After listening to my Christmas night lecture on the history of Chinese-American restaurants, an attendee who'd managed not to be distracted by host restaurant Tai Tung's spinning lazy Susans, freighted with chop suey, chow mein, almond chicken and sweet and sour spareribs, had a very fair question: Where did the crab Rangoon come from?
Unlike most dishes on the standard Chinese-American menu, which have authentic Chinese antecedents, the presence of dairy marks Rangoon - also known as crab wontons and crab puffs, depending on the region - as an interloper. Although milk has long been a staple of northern Chinese diets, the Cantonese immigrants responsible for the nation's first successful chop suey joints didn't come from dairy traditions. It never occurred to them to fry cream cheese in a wonton wrapper.
But cream cheese was very much on the minds of their American-born contemporaries, thanks largely to Kraft, which vigorously promoted its Philadelphia cream cheese as an instant hors d'oeuvre solution, sandwich filling and dessert topping. In the 1930s, tea parties and club meetings invariably featured bread triangles spread with cream cheese.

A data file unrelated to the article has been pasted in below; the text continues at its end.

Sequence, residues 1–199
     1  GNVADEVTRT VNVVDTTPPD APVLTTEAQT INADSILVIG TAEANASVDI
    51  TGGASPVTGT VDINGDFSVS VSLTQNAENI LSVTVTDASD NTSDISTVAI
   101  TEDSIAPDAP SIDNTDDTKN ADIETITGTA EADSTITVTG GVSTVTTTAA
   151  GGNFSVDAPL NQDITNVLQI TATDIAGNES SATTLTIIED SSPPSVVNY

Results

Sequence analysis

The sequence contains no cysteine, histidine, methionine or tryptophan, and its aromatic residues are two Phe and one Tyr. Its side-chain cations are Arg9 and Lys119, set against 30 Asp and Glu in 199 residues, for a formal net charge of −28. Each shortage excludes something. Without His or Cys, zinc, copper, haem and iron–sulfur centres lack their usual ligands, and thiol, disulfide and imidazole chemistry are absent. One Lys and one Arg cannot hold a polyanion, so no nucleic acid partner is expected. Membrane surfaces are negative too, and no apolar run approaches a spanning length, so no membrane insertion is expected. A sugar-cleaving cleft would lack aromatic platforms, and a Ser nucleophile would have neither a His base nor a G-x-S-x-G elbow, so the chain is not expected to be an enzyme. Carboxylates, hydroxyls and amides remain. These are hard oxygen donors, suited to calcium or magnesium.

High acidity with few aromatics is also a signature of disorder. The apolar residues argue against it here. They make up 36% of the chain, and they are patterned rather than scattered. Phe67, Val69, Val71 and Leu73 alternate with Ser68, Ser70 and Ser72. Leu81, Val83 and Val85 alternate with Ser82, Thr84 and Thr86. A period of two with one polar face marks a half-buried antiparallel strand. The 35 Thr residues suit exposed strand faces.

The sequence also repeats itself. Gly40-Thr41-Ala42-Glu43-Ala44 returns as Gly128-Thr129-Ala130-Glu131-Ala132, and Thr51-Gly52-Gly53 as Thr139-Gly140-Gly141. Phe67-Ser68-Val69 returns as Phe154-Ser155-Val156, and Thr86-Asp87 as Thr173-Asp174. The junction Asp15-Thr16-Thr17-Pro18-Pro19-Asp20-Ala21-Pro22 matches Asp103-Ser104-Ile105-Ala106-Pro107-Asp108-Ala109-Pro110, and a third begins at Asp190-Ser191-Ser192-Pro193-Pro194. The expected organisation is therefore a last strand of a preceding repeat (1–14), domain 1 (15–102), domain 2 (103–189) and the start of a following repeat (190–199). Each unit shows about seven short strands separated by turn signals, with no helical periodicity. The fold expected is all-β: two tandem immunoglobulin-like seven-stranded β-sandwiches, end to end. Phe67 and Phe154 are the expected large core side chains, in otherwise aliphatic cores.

The omnipresence of cream cheese probably inspired Trader Vic's kitchen to invent crab Rangoon, a fixture of the tiki bar's earliest pu pu platters - and its mythical Burmese origins. According to a recipe printed in a 1968 Trader Vic's cookbook, the snacks were made with crab meat, cream cheese, A-1 sauce, garlic powder, won ton noodles and a beaten egg yolk. They became so popular that they eventually migrated to Chinese-American menus: Andrea Nguyen, author of Asian Dumplings, reported on her blog that she's so frequently asked for a Rangoon recipe that she's wondered whether the newfangled food "deserves entry into pantheon of Asian dumplings."
Nguyen's readers weren't ready to grant serious dumpling status to Rangoon, but the argument may not be settled. According to Google, "crab Rangoon", "crab wonton", and "crab puff" have been searched so avidly in the past few years (especially in the nation's midsection) that all three terms qualify for "breakout status," meaning growth since 2004 stands at more than 5000 percent. Although it's perhaps too retro to appear on any 2012 trend lists, the upcoming Year of the Dragon could very well double as the Year of the Crab Rangoon.